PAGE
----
The transistor wasn't around until I was born. :eek:

What the future holds is anyone's guess...


Please feel free to ask for your wishes!
 

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3D I've always hated.... from the first time I saw it at best buy w/ the demo setup they had. I'm a purist at heat... this includes 24fps movies. They have been testing 60fps in theaters recently and I absolutely hate this....

...I hope this doesn't come to play because my projector and bluray player all output 24fps and I love the natural movie look. I love watching older movies that have grain from the film transfer. It looks great!

New movies look great too but they just have a digital feel to them. And curved screens need to vanish although very large anamorphic screens I can see their benefit.... but it's a fad imho.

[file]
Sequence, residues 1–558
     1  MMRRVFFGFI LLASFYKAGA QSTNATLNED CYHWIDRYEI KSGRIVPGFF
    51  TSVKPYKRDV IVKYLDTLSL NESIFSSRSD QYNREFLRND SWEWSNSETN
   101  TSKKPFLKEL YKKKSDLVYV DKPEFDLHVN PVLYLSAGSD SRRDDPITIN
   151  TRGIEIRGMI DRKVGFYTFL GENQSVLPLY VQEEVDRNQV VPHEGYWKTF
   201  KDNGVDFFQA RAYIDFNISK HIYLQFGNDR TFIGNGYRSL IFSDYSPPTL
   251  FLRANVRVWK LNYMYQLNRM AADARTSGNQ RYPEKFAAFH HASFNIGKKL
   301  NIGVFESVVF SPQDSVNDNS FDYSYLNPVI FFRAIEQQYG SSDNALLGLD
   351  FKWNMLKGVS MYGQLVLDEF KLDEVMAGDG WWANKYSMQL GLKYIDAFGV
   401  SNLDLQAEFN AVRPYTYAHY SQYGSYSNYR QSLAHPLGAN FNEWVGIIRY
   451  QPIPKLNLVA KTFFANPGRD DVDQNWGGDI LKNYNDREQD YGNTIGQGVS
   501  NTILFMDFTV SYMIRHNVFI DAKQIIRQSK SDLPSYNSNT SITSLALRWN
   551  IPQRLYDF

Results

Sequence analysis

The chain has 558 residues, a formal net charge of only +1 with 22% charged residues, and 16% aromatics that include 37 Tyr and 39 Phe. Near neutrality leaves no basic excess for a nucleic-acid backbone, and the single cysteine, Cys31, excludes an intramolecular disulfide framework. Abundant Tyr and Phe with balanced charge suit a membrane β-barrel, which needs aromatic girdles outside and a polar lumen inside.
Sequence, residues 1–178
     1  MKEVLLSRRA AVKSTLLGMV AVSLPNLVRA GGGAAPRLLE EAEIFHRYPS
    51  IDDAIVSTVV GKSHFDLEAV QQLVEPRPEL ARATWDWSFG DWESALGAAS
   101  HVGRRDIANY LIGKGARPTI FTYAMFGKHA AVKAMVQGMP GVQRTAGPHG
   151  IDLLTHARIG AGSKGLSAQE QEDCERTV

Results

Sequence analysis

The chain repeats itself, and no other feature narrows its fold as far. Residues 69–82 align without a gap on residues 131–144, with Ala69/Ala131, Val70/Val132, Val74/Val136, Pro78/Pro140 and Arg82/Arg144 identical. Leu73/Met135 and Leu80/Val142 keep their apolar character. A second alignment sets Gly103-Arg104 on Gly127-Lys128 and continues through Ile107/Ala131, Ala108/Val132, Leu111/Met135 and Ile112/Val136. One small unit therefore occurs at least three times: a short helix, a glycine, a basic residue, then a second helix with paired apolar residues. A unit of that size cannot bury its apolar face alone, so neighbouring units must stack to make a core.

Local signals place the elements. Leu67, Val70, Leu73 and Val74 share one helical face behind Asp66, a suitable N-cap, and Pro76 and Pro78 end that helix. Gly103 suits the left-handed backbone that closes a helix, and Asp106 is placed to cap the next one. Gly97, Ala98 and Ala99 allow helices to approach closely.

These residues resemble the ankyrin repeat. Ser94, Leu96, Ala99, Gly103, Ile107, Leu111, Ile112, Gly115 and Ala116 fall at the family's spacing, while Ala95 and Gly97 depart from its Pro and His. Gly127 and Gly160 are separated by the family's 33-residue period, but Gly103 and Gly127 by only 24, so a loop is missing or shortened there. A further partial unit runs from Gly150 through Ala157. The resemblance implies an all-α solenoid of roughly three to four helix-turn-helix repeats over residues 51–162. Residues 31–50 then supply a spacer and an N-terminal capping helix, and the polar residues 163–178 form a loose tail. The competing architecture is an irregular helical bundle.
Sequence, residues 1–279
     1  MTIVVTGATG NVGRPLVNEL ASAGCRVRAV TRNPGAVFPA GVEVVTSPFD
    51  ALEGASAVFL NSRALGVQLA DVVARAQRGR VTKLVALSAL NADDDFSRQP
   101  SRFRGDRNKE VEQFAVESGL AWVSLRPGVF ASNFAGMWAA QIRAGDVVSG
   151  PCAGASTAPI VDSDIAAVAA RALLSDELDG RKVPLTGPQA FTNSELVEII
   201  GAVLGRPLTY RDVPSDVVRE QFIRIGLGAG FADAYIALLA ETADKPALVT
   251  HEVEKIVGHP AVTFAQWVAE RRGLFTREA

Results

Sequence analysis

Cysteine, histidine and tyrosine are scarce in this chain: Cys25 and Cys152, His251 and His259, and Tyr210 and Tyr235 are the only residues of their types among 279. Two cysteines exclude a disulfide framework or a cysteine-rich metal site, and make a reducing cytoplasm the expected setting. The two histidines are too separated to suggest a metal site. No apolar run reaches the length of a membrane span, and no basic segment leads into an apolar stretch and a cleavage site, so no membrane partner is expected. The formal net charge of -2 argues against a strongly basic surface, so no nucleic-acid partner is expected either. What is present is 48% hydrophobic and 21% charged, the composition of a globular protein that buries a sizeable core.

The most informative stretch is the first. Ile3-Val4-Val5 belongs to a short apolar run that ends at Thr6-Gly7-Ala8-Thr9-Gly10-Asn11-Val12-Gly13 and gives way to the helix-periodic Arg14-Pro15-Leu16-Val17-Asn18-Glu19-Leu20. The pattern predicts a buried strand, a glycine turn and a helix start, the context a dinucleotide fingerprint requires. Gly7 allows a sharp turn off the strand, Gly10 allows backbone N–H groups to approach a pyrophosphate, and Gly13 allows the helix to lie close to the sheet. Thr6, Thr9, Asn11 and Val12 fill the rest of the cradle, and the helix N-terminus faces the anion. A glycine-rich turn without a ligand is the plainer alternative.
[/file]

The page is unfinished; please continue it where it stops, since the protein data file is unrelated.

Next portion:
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Discussion Starter #7
You can't blame the industry for searching for technologies that will boost sales...I think immersive sound and HDR are going to end up being legit impact players, which is exciting to have...lots of these other techs (curves, 3D, front height, etc) are afterthoughts.
 

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Being a hipster, I wouldn't mind seeing tele's with wood cabinets again, like on this retro (non-3D :) ) 24" Crosley that I own ... the front-mounted speakers offer significantly better sound quality than on similar-sized slim fashion models due to the depth of the cabinet, as well as benefitting from the resonant qualities of the wood construction. And hey, with the deeper cabinets, they could integrate immersive-enabled speakers into the top and sides (!) ... obviously, I've got too much idle time on my hands, and sorry for going off-topic.

 

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You can't blame the industry for searching for technologies that will boost sales